Saint Jude (100 Petty France)
Swamp Motel has been in the forefront of melding theatre and technology, both on and offline, and the company’s latest piece is a local-based immersive show which takes place in an apparently mysterious government building in Westminster. The premise is this: the building is run by an organisation called Saint Jude’s which is using technology to capture the memories of those in irreversible comas and allow people to communicate with them. The audience are invited to engage with the sleepers and find out why they are here. St Jude, of course, is the patron saint of lost causes. But on past experience, this is likely to be anything but in theatrical terms.
The Boys are Kissing (Theatre503)
Theatre503 occupies a special place in London’s new writing ecology, helping to nurture and launch early-stage playwrights, often into orbit. Previous successes include Yasmin Joseph’s J’ouvert and Ross Willis’ Wolfie, and it has played a significant role in the careers of many from Alice Birch to Jon Brittain. So, it’s always worth keeping an eye on its premieres and the latest, written by Zak Zarafshan, sounds promising. It follows a playground incident in which two nine-year-old boys kiss. In the fall out both sets of parents are hard pushed to know what to do. But help is at hand with two cherubic winged guardians of the gays. Lisa Spirling, a director utterly unafraid of trying to stage the impossible, directs.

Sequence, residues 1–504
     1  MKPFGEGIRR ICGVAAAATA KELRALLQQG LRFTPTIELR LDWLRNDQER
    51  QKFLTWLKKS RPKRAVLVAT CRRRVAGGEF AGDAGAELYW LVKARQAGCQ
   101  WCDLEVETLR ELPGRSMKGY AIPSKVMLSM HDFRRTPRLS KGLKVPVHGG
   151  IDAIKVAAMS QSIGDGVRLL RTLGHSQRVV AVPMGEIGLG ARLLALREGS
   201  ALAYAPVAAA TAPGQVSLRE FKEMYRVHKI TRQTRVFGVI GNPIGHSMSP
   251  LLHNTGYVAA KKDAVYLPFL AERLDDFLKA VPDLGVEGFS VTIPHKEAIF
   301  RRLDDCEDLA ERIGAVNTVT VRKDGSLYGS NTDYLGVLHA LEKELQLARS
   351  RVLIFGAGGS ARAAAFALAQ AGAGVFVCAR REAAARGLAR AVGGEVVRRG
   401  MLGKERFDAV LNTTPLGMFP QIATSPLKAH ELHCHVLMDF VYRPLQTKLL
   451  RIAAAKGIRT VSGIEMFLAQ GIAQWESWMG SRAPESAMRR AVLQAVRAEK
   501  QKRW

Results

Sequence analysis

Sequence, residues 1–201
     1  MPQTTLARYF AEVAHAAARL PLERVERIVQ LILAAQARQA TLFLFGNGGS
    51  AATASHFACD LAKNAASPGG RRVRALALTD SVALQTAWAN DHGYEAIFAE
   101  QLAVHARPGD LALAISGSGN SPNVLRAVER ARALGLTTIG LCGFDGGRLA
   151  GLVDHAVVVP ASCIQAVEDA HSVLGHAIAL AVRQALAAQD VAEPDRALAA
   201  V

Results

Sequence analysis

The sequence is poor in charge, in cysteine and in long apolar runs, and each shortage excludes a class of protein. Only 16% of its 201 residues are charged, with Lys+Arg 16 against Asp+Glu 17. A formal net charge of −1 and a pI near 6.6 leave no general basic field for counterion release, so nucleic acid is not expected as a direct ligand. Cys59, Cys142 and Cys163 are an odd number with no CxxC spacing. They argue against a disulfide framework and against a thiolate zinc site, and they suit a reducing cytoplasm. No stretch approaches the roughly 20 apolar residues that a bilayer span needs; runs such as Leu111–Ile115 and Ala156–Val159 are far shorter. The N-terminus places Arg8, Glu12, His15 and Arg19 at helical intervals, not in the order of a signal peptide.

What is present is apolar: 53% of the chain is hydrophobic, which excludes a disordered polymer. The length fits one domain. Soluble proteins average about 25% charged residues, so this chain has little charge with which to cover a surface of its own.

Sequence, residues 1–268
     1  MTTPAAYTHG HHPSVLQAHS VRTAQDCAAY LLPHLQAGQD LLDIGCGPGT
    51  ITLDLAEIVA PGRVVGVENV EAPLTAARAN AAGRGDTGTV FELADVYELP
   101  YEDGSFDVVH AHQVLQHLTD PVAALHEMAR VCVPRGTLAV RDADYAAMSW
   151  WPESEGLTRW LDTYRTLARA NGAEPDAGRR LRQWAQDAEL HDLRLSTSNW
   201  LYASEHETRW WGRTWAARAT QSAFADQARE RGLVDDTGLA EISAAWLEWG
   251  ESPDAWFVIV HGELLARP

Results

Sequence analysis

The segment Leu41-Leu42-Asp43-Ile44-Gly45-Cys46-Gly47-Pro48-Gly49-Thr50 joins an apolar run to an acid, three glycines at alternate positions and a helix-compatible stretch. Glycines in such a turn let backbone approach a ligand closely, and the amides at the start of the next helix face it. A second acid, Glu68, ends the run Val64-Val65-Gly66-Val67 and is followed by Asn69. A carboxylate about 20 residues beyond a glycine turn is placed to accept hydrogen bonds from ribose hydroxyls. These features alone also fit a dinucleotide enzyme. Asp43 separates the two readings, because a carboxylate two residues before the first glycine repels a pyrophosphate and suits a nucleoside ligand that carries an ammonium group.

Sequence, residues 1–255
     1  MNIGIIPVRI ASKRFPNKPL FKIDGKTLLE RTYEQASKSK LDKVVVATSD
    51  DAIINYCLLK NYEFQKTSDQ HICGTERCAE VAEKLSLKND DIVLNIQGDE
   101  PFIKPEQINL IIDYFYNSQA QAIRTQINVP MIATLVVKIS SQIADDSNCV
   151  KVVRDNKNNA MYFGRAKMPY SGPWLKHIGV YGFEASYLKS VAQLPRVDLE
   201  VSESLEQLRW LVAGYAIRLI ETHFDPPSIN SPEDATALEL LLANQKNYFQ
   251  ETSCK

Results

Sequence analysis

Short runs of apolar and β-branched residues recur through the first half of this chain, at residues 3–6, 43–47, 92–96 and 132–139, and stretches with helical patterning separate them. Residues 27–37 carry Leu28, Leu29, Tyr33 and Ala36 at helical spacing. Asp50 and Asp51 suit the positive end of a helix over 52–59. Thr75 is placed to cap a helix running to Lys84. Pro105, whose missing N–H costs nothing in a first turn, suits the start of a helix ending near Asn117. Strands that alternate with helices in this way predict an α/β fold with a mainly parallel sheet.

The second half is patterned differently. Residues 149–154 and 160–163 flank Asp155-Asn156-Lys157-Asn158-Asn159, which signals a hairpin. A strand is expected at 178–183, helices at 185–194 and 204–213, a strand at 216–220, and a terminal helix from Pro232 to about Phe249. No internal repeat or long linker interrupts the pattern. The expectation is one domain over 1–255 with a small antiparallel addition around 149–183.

Noises Off (Phoenix)
Few backstage comedies have the potential to be as funny as Michael Frayn’s 40-year-old farce about the haphazard attempt of a company to stage a comedy. Frayn’s play premiered long before The Play That Goes Wrong boys were born. It’s a hard play to pull off but when it gets a really sharp, tight production it really zings, and it should get that from director Lindsay Posner. He’s assembled a high-profile old school ensemble headed by Felicity Kendal, Tracy-Ann Oberman and Matthew Kelly. It could be just the new year tonic you need. A revival of this play many years back marked one of the few times I’ve seen someone fall out of their seat in the theatre from laughing so much.
Cover image of Felicity Kendal, Alexander Hanson & Tracy-Ann Oberman in Noises Off at the Phoenix Theatre. Photo by Nobby Clark.